M.S. in Computer Science Courses

The master of science in computer science online program consists of 30 credits that can be completed over the course of three to five terms. The program can be completed in approximately 12 months depending on students’ course schedules. Learn more about the courses you will take as a student in the program in the descriptions below.

Sample Course Sequences

The Accelerated Track can be completed in as little as 12 months over three terms. The Standard Track can be completed in as few as 20 months over five terms.

When choosing the Standard or Accelerated Track, you should also assess whether your course load will be considered full-time or part-time for financial aid purposes. More information can be found on the Financial Aid FAQs.

Standard Track

Term 1 (6 units)

Term 2 (6 units)

Topics in Software Engineering: Security (CS 6387)

3 Units

Computer Networks (CS 5283)

3 Units

Term 3 (6 units)

Parallel Functional Programming (CS 5253)

3 Units

Web-Based System Architecture (CS 5288)

3 Units

Term 4 (6 units)

Distributed Systems Principles (CS 6381)

3 Units

Advanced Software Engineering (CS 6385)

3 Units

Term 5 (6 units)

Model-Integrated Computing (CS 6388)

3 Units

Principles of Cloud Computing (CS 5287)

3 Units

Accelerated Track

Term 1 (9 Units)

Principles of Software Engineering (CS 5278)

3 Units

Concurrent Object-Oriented Programming (CS 5254)

3 Units

Topics in Software Engineering: Security (CS 6387)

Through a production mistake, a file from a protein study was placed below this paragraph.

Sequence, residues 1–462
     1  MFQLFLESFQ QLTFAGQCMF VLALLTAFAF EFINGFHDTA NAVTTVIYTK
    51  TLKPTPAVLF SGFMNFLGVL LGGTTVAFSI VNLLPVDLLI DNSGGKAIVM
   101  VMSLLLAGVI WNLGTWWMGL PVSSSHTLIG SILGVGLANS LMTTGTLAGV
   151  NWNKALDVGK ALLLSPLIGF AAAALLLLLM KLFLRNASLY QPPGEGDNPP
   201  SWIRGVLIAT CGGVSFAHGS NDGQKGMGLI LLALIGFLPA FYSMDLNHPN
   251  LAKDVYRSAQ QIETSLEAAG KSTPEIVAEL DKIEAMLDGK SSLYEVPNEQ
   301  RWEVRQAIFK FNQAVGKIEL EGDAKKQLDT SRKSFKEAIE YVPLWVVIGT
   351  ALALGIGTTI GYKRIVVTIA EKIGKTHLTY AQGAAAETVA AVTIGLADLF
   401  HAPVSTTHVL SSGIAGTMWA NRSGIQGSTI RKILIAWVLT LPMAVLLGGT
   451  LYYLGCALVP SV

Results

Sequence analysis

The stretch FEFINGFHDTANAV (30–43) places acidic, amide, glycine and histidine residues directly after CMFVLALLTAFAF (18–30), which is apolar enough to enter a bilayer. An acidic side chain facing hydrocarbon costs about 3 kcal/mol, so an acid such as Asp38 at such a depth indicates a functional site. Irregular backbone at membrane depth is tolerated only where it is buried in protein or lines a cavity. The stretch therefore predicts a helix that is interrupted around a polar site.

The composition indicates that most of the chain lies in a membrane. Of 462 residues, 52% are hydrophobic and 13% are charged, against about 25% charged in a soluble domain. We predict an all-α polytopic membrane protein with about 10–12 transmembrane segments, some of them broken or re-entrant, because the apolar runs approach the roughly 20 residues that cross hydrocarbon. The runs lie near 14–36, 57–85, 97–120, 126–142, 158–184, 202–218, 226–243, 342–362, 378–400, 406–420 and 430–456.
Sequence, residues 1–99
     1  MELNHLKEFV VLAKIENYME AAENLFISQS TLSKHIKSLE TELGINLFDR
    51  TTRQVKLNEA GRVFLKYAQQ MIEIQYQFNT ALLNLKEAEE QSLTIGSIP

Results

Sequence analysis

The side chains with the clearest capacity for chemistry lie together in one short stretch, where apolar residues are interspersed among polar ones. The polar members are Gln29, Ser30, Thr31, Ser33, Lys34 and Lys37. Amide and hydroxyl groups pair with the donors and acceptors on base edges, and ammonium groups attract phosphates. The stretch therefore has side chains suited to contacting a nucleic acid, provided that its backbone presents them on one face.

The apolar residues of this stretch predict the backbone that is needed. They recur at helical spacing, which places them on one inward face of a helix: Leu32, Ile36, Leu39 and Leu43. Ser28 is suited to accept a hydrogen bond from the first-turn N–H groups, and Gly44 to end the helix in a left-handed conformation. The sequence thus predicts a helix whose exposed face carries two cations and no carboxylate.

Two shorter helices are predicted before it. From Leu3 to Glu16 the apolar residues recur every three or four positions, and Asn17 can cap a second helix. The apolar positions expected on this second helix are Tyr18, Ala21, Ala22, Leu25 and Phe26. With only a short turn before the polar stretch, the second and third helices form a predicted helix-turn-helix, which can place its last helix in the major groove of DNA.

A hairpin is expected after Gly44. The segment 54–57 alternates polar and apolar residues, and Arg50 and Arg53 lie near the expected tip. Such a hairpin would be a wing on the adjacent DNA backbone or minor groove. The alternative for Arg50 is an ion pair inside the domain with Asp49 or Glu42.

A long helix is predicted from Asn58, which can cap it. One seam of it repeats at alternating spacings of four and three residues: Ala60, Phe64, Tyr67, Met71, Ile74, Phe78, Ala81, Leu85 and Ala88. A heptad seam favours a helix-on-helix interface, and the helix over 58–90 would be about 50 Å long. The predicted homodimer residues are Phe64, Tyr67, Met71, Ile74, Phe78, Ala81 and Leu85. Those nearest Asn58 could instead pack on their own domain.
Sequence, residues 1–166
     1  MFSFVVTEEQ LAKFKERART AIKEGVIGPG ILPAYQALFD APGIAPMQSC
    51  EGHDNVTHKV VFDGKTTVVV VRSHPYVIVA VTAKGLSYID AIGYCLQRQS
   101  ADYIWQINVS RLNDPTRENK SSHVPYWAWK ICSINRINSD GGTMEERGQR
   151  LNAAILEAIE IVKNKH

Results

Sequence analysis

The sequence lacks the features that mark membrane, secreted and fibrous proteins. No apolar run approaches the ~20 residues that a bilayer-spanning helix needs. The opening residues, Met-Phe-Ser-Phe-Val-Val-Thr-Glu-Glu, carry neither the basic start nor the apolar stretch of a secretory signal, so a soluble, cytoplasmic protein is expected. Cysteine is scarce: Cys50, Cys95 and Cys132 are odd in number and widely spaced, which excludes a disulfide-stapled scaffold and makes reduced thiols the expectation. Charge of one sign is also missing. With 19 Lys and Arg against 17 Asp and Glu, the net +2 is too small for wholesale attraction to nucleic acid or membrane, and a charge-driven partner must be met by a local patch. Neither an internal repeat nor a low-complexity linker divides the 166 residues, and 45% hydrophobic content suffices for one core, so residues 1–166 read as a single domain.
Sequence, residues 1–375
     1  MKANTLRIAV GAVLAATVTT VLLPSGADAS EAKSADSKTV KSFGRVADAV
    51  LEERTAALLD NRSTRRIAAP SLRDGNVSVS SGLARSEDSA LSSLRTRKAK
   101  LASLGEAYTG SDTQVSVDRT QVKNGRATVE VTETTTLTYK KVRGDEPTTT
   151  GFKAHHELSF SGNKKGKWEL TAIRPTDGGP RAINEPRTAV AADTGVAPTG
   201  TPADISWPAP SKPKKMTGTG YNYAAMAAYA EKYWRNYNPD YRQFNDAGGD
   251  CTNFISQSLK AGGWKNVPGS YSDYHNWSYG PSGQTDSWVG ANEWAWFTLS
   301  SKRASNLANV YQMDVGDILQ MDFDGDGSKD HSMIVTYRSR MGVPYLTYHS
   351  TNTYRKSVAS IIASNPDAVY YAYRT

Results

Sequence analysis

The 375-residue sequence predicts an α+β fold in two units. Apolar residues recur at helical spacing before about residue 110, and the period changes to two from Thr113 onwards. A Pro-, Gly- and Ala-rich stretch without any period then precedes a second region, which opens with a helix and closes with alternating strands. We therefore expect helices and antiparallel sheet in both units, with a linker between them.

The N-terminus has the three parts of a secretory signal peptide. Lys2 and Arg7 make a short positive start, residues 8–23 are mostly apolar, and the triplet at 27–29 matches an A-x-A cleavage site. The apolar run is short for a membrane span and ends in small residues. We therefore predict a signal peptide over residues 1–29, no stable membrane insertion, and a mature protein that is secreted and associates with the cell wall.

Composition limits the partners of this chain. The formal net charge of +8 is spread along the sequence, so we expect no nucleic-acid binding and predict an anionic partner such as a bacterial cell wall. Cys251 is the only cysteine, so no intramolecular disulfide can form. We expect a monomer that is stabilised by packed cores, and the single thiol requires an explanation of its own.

3 Units

Term 2 (12 Units)

Computer Networks (CS 5283)

3 Units

Parallel Functional Programming (CS 5253)

3 Units

Web-Based System Architecture (CS 5288)

3 Units

Distributed Systems Principles (CS 6381)

3 Units

Term 3 (9 Units)

Advanced Software Engineering (CS 6385)

3 Units

Model-Integrated Computing (CS 6388)

3 Units

Principles of Cloud Computing (CS 5287)

3 Units

Course Descriptions

CS 5253: Parallel Functional Programming (3 Units)

Teaches students how reusable parallel programs can be designed, implemented, optimized, validated, maintained, and enhanced by applying effective functional and object-oriented development practices, patterns, and frameworks.

CS 5254: Concurrent Object-Oriented Programming (3 Units)

Provides students with a deep understanding of conceptual and practical aspects of designing, implementing, and debugging concurrent software apps using patterns and frameworks related to Java and Android.

CS 5260: Artificial Intelligence (3 Units)

Principles and programming techniques of artificial intelligence. Strategies for searching, representation of knowledge and automatic deduction, learning, and adaptive systems. Survey of applications.

CS 5262: Foundations of Machine Learning (3 Units)

Theoretical and algorithmic foundations of supervised learning, unsupervised learning, and reinforcement learning. Linear and nonlinear regression, kernel methods, support vector machines, neural networks and deep learning methods, instance-based methods, ensemble classifiers, clustering and dimensionality reduction, value and policy iteration. Explainable AI, ethics, and data privacy.

CS 5278: Principles of Software Engineering (3 Units)

The nature of software. The object-oriented paradigm. Software life-cycle models. Requirements, specification, design, implementation, documentation, and testing of software. Object-oriented analysis and design. Software maintenance.

CS 5279: Software Engineering Projects (3 Units)

Students work in teams to specify, design, implement, document, and test a nontrivial software project. The use of CASE (Computer Assisted Software Engineering) tools is stressed.